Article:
Temporomandibular joint disorder, which is more commonly known as TMJ, can make it difficult to get dental treatment due to the pain in the jaw and problems with being able to open your mouth wide enough for dental treatment. However, for people with TMJ it's extremely important that they find the underlying cause of their TMJ before getting dental treatment.
The reason for this is because there is a chance that they have a medical condition called Ehlers-Danlos syndrome (EDS), which requires special attention in any dental and medical office setting. Interestingly enough, gum disease is common in people with EDS. Here's what you need to know about TMJ and EDS.
TMJ – Temporomandibular Joint Disorder
People who have TMJ often complain about pain and tenderness in their jaw joint. They may have popping and/or clicking in the joint when they eat or open and close their mouth, like when they yawn or open their mouths wide enough for dental work. Sometimes, they may not be able to close their mouths easily following a dental procedure.
EDS – Ehlers-Danlos Syndrome
TMJ can be caused by Ehlers-Danlos syndrome, which is a connective tissue disorder that can affect the joints, muscles, ligaments, skin, bones, blood vessels and organs. People with EDS do not produce enough collagen. While you may never have heard of EDS before, it affects 1 in 5,000 people. One of the key symptoms of EDS is hypermobility of joints, which is often recognized as being double-jointed or having loose joints.
Since EDS is a connective tissue disorder, other recognizable symptoms include elasticity of the skin and mucosa (such as gum tissue), as well as easy bruising. Since the connective tissue throughout the body is weak, it can cause the skin and mucosa to rip easily. And without an adequate production of collagen, healing can take longer.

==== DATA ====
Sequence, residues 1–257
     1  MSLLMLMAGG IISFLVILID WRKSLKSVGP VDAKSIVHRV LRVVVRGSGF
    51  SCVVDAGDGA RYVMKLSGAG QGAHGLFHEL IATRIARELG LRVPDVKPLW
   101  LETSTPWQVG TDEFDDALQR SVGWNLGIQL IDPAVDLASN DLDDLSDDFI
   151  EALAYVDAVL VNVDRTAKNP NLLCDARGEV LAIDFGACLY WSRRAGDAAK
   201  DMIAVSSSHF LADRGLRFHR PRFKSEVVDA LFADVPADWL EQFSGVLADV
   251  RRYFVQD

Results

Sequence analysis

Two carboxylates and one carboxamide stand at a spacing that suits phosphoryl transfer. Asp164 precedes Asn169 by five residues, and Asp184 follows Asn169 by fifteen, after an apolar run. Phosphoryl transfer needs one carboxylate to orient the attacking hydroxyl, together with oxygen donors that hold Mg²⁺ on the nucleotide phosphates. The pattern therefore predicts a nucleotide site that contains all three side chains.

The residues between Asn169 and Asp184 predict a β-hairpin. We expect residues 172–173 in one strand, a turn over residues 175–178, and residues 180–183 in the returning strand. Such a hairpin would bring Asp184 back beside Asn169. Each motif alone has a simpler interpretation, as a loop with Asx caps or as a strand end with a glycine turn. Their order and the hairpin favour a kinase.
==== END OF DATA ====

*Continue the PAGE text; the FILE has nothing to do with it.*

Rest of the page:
Another problem that is common with EDS is gum disease, due to the mobility of the teeth in the jaw because of the lack of adequate connective tissue in the gums to hold the teeth in place. This causes bacteria and debris to get in between the gum and teeth, which can lead to infection and gum disease.
Genetics Testing & Medical Treatment for EDS
EDS is a hereditary disease. Therefore, you can get genetics testing done to see if you have it. This can be ordered through your primary care physician. And since it is hereditary, you should have your children tested for it as well if you are a parent. If the results come back positive for EDS, you can expect to be referred to a rheumatologist.
Of course, if you do believe you might have EDS, there's little doubt that you want to know what treatments may be available. Unfortunately, there is no cure for EDS. However, physical therapy is typically recommended for EDS patients and may include the use of joint mobility aids, such as knee braces.
Dental Treatment for Gum Disease in an EDS Patient
As was stated earlier, people with EDS tend to develop gum disease. It's important to know if you (and/or your children) have EDS or not because it can change the way you receive dental treatments, particularly since your gum tissue has elasticity.
For example, stitches would need to be carefully placed in your gums because your gum tissue may not be strong enough to hold stitches in place. Therefore, traditional treatment methods for gum disease that involve surgically cutting and stitching gum tissue are not recommended.
Fortunately, laser gum treatment is an option for gum disease in someone with EDS because it does not require the use of stitches. It's important to discuss your TMJ and possible EDS with your dentist prior to receiving dental treatment so he or she is aware of them. For more information, consider sites like http://www.neufamilydental.com.